I have strategies. I’ve dealt with that before. Don’t worry about it. All we need to do is get started and I’ll make sure that I take care of everything.”

When the client asks you about something specific, they’re not asking for details. They want to know if you have a solution. 

That’s all. 

We never have to drag them down a rabbit hole of details and potential pain points. 

You don’t have to over-explain. You don’t have to over-explain the laws. You don’t have to over-explain legal strategies. 

Your clients just want reassurance that you can help them and you can do this. 

Say THIS: “Yes, I can help you. Yes, I can do this. It’s going to take six months. Yes, here’s the list of documents that you need to give me. I’m going to guide you through. It’s $10,000. Let’s get started now.” 

That’s all you need to say. 

Client-centric, not lawyer-centric

When you over-explain, the focus is on you. 

When you don’t over-explain, the consultation is client-centric. That means speaking to the client in the way they want to be spoken to. Not the way we think they want to be spoken to. 

Not the way that we think we would want to know if we were them. 

We want to talk to them about how they want to be talked to. And let me tell you, they don’t want the nuances of the law. They don’t want “legalese.” They want reassurance. All they want to know is if you can help them. 

Stay in control of the sale 

When you consult, focus on assuring the client– and that naturally leads to making the sale.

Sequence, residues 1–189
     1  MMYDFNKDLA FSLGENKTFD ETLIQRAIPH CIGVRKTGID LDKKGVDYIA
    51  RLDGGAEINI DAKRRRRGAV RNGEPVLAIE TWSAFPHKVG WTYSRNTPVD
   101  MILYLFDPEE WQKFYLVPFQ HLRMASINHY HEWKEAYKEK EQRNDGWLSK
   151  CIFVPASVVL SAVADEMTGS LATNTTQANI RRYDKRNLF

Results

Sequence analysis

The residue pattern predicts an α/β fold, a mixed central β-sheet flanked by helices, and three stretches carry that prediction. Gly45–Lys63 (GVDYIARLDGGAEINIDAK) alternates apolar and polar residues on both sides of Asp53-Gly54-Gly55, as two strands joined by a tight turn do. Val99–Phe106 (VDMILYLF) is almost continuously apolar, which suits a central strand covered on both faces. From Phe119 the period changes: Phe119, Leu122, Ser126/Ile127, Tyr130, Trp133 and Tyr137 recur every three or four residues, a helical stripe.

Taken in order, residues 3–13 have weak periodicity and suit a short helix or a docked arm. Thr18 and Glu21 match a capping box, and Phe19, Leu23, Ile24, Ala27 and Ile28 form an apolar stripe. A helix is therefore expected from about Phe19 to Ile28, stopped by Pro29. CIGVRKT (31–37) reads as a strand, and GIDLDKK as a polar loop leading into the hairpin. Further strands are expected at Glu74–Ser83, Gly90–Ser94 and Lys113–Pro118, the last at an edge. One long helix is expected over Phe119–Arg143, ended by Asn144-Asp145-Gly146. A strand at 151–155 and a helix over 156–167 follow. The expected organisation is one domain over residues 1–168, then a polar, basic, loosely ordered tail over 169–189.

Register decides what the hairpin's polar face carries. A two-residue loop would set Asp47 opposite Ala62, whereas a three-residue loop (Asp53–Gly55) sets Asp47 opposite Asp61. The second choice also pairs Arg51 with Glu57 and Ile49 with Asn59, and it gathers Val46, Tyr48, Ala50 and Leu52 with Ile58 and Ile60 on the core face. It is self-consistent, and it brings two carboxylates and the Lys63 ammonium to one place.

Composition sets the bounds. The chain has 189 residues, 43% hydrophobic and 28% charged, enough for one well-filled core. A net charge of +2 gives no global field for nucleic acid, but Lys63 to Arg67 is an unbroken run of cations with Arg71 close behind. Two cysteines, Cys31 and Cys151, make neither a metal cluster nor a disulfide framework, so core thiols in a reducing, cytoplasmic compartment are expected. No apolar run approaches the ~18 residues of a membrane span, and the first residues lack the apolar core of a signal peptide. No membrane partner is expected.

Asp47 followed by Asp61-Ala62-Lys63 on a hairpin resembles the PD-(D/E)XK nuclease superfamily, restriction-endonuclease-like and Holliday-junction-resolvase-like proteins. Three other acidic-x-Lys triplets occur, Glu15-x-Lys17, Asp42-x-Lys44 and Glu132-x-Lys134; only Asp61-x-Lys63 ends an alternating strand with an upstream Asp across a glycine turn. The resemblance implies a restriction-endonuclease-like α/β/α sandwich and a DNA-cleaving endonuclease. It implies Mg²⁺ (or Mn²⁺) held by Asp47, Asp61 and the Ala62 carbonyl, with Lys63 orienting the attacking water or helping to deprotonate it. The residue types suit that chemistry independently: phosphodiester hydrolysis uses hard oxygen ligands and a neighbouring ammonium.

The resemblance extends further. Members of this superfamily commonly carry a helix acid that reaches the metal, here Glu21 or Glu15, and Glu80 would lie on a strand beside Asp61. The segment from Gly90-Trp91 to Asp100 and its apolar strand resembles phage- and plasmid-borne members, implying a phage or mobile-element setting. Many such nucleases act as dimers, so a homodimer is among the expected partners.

When you go down the rabbit hole of over-explaining, you lose control of the conversation and you lose the sale. 

If they ask you about anything else, just say, “Why don’t you tell him to give me a call and we can schedule a consultation? I would love to talk about that in more detail.”

You can acknowledge the client without going down an irrelevant path. You’ve given good customer service, and you’re not trapped in a loop of over-explaining or over-strategizing. 

Remember that your clients need reassurance. Listen to their heart and no matter what they say, no matter how many details they ask about or how they try to change the subject, they have genuine fear.  

So focus on assurance. Say, “Don’t worry about that. I’ll take care of everything. I’ll be able to help find a solution. Let’s get started.” 

If you can believe it, I have even more knowledge to share on this topic! If you’d like to learn more about sales, sign up for my Six Figure Solo program!  Six Figure Solo now comes in three tiers – Executive, Solopreneur, and CEO. Sign up here!